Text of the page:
As you all know, Mercer on Mission focuses on crossing cultures and changing lives.  When I first heard this slogan, I thought it meant exclusively that we, as students, would be crossing the cultural lines to change Cambodian lives.  However, after only one day of experiencing the Khmer ways, I’ve learned that our slogan is meant to be applied both ways.


     Today, we experienced a slice of Phnom Penh.  Starting out bright and early with a trip to the Royal Palace, we learned that Cambodia’s gargoyles imitate dragons to represent the royal family, that the new king is elected from the previous king’s children by nine members from the government and Buddhist monks, and that the Silver Pagoda is named after its exported and reimported silver tile floors.  We also learned that Justis Ward can play anything (as you will all be enjoying soon)!


     From there, we visited the National Museum, where I was amazed by the age of the Khmer history, which far outdates our own. The statues where fantastically preserved, and they portrayed a combination of culture and religion unlike anything we were expecting.  Some of them even combined the two ancient Cambodian religions, Hinduism and Buddhism, to create statues that were blends of each religion’s key deities and heroes.  This taught me that culture, like the religion in these statues, is more than just a black and white experience.  It has gray regions that I think we all would benefit from adventuring in.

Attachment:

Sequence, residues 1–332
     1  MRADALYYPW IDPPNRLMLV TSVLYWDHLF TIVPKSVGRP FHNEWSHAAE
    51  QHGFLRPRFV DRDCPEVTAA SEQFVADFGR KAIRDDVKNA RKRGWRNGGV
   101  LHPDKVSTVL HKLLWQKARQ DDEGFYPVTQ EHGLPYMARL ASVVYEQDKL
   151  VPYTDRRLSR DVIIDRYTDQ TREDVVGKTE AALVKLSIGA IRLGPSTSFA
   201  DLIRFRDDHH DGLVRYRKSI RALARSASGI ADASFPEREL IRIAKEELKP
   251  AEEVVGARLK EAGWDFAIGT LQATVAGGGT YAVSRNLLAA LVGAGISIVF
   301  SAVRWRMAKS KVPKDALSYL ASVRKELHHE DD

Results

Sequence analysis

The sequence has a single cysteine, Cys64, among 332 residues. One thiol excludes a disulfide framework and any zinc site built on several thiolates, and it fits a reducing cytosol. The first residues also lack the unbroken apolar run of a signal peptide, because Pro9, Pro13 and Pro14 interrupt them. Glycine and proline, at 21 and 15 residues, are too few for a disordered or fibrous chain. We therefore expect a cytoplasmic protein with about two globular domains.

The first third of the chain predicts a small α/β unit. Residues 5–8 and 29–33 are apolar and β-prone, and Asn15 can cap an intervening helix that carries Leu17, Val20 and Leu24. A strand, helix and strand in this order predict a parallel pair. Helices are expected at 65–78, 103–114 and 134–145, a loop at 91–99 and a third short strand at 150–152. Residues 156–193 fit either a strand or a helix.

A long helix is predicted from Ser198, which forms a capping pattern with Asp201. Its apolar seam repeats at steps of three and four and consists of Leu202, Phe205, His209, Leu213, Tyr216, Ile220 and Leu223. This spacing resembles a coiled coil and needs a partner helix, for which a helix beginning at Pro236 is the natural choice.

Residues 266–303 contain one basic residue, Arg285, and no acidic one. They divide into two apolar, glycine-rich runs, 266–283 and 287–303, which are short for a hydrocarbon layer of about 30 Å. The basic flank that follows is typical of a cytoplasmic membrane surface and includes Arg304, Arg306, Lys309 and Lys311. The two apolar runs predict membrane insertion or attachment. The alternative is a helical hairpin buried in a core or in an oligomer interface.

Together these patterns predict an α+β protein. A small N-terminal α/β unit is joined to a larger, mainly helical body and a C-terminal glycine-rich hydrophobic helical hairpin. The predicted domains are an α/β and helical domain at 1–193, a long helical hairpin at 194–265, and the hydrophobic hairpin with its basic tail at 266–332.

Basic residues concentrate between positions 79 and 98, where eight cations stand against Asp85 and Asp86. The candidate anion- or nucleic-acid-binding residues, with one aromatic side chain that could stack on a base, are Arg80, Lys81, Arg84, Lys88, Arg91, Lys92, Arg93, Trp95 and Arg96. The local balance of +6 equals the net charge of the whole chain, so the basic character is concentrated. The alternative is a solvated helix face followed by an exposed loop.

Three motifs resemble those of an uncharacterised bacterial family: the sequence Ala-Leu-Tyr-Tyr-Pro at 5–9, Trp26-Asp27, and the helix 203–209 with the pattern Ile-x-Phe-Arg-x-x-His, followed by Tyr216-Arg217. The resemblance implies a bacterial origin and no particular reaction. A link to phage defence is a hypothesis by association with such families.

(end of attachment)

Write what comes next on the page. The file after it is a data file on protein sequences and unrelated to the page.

We then took a more serious trip to the Killing Fields during the reign of the Khmer Rouge. By retracing the final steps of their victims, our American senses were brutally called to face the horrors these people has had to face in the far-too-recent history.  This awakening was completed when we wandered through the S-21 Concentration Camp.  Here we interacted with one of the two living survivors of the camp (7 survivors in total), saw the victims’ mug-shots upon entry to the camp, and got an uncomfortably close look at the gruesome and torturous murders that occurred there.


     The day could not have been more eye opening.  The Khmer are such welcoming people, sharing their attention, customs, and opinions with equal ease; after understanding the hardship their culture is coming from, I couldn’t help but be humbled by such genuine hospitality.  These experiences, much like the ancient Cambodian Hindus and Buddhists, form the blurred lines between our culture and the Cambodian culture. It has granted me the humility to be thankful for my blessings, and the inspiration to do what I can to bring them to others, I couldn’t be more thankful for the gray zone.